Surgeon optimistic over Ramsey injury
The surgeon who operated on Arsenal forward Eduardo's horrific leg injury has offered hope to Gunners fans praying Aaron Ramsey makes a full recovery from a similar setback.
The young Wales midfielder was stretchered off and taken straight to hospital after breaking his tibia and fibula in a challenge with Stoke defender Ryan Shawcross on Saturday.
He underwent surgery which the club revealed "successfully reduced the fractures", and Dr Khalid Baloch is cautiously optimistic that the 19-year-old - rated as one of the most promising young players in the Barclays Premier League - could one day return at the same level.
"If it's a straightforward fracture that's been dealt with appropriately with intensive physio then you stand a good chance of returning back to the previous level of activity," he told Press Association Sport.
"It is quite variable, the simplest fractures may heal up in two or three months and then there is a period of rehabilitation involved - especially with elite-level athletes.
"On the other hand, if it's a very serious injury it may take many months for the area to heal up and return back to functional activities. You've got a time period of anywhere from two or three months to six months for recovery.
"If it's a simple fracture then he is more likely to return to his previous level of activity. As the injury becomes more severe then obviously the rehabilitation is much harder and it's harder to return back to activity."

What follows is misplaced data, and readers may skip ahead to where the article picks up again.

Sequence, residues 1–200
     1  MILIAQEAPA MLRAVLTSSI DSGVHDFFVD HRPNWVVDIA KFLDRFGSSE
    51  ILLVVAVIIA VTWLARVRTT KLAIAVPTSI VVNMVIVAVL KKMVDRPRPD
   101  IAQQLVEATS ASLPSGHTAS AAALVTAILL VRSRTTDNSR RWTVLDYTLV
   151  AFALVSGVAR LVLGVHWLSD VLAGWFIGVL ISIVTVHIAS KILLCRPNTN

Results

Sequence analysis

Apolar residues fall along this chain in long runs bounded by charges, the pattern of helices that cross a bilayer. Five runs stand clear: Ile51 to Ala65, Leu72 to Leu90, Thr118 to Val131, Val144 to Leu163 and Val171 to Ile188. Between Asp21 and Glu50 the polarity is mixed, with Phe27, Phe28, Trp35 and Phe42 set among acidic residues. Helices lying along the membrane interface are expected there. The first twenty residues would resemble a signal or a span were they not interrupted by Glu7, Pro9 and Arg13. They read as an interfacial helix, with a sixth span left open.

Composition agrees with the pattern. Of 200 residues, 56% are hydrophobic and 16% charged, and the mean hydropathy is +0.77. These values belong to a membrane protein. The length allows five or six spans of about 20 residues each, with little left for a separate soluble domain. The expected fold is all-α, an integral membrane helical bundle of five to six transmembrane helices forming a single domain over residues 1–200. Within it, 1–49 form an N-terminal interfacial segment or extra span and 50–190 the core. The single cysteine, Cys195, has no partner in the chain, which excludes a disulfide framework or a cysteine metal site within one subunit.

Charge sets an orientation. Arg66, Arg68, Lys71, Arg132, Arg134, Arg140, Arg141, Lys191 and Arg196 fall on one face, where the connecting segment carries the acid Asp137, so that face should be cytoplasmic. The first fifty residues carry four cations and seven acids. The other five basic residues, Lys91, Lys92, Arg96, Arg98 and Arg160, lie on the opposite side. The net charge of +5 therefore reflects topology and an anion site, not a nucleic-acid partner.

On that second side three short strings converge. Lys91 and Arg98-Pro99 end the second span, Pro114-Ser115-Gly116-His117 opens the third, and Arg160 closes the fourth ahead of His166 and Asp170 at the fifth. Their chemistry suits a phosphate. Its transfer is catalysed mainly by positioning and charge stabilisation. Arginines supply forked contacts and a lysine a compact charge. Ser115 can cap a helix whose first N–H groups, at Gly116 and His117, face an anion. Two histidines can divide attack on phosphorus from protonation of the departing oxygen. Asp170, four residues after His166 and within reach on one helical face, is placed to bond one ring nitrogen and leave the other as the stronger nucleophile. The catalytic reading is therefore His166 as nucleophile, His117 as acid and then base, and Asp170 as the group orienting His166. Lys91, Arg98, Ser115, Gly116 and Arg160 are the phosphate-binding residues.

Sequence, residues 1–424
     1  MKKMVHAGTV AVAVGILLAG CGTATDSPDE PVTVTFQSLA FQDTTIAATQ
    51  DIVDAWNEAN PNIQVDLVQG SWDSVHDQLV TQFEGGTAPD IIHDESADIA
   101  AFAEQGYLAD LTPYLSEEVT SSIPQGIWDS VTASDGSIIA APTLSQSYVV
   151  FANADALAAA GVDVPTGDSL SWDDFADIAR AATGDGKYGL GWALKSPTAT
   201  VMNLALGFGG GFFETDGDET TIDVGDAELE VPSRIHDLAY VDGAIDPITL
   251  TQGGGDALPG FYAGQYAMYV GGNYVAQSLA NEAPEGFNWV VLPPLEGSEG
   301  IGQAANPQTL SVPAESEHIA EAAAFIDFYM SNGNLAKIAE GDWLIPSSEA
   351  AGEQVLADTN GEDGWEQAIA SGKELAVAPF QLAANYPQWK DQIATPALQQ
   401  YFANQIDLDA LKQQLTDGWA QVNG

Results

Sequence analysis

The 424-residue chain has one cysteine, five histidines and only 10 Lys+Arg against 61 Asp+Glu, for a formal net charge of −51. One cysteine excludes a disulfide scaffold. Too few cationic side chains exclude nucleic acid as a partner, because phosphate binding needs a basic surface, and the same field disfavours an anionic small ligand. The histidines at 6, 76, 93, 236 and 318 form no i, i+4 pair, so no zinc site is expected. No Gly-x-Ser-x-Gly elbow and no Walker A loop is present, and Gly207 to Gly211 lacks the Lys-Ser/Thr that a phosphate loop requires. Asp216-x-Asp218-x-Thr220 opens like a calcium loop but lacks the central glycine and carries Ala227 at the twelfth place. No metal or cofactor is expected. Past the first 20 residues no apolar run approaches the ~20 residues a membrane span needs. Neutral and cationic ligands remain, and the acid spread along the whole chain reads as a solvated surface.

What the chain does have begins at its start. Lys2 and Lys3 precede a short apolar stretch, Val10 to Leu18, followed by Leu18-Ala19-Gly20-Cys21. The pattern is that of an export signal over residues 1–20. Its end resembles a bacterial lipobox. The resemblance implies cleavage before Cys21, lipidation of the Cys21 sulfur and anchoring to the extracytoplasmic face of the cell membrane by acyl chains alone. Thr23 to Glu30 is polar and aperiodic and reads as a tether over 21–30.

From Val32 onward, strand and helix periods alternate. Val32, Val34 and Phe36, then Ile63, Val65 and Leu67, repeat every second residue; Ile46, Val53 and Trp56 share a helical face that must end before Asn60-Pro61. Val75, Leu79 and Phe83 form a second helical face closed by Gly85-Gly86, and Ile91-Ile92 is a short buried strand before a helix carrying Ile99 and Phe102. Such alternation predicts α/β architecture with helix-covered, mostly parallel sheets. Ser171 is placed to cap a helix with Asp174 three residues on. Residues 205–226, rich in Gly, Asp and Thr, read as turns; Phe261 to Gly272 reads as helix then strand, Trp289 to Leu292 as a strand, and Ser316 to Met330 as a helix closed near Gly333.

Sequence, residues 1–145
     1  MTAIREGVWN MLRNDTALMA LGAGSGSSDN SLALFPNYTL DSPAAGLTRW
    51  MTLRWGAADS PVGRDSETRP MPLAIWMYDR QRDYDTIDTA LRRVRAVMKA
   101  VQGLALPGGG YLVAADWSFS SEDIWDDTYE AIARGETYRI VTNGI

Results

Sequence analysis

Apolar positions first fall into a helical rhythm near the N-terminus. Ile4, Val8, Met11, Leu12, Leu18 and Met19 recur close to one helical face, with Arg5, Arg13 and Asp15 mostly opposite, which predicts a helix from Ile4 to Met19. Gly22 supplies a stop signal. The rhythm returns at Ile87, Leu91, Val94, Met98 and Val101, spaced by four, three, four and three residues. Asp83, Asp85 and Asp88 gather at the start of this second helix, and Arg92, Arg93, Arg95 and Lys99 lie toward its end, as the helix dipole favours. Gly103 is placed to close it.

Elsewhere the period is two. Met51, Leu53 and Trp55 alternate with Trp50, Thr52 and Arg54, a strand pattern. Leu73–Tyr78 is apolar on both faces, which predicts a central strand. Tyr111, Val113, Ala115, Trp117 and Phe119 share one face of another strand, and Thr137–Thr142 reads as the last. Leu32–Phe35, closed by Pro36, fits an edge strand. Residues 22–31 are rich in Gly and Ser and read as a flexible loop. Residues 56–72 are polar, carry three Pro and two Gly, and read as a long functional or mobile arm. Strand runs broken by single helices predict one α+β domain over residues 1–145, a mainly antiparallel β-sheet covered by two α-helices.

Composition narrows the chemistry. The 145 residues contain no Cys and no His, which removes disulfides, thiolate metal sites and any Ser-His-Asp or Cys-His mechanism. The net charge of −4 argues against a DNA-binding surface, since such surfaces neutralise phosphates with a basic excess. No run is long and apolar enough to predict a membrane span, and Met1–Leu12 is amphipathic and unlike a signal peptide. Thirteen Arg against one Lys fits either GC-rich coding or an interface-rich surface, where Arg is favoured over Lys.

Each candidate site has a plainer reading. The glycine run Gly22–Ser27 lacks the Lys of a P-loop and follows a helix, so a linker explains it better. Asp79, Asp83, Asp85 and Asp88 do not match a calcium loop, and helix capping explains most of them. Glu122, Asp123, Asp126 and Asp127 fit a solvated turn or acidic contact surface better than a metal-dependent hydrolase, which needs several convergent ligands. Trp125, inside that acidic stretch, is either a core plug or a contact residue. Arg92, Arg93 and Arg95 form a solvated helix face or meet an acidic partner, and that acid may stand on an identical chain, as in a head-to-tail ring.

Having had a first-hand view of Eduardo's injury - suffered as a result of Birmingham defender Martin Taylor's challenge two years ago - at Selly Oak Hospital in the West Midlands, Dr Baloch is well qualified to speak on Ramsey's situation.
And he said: "If you look at the way Ramsey was tackled, it looks a fairly similar mechanism of injury (to Eduardo). There are lots of bones around that area so it's difficult to know whether it's the same bone that has been injured or not, but the area that's been injured is similar.
"There are different levels of fracture, which would have different treatment options. With anyone who breaks the lower part of their leg, what you do is look to reduce the fragments, or the bone pieces, back to where they should be and then they are held by screws or plates.
"It varies on exactly where the fracture is but in principle that is what you would do for a fracture around that area."
On the rehabilitation process, he added: "Initially most people are trying to get a range of movement back and also try to build up the muscles around that limb and reduce swelling and discomfort, that is the early phase of the rehabilitation process.
"Beyond that phase there is an increase in the range of impact activities with gradual progression to running and then back to sporting activities over a minimum six to 12 months."
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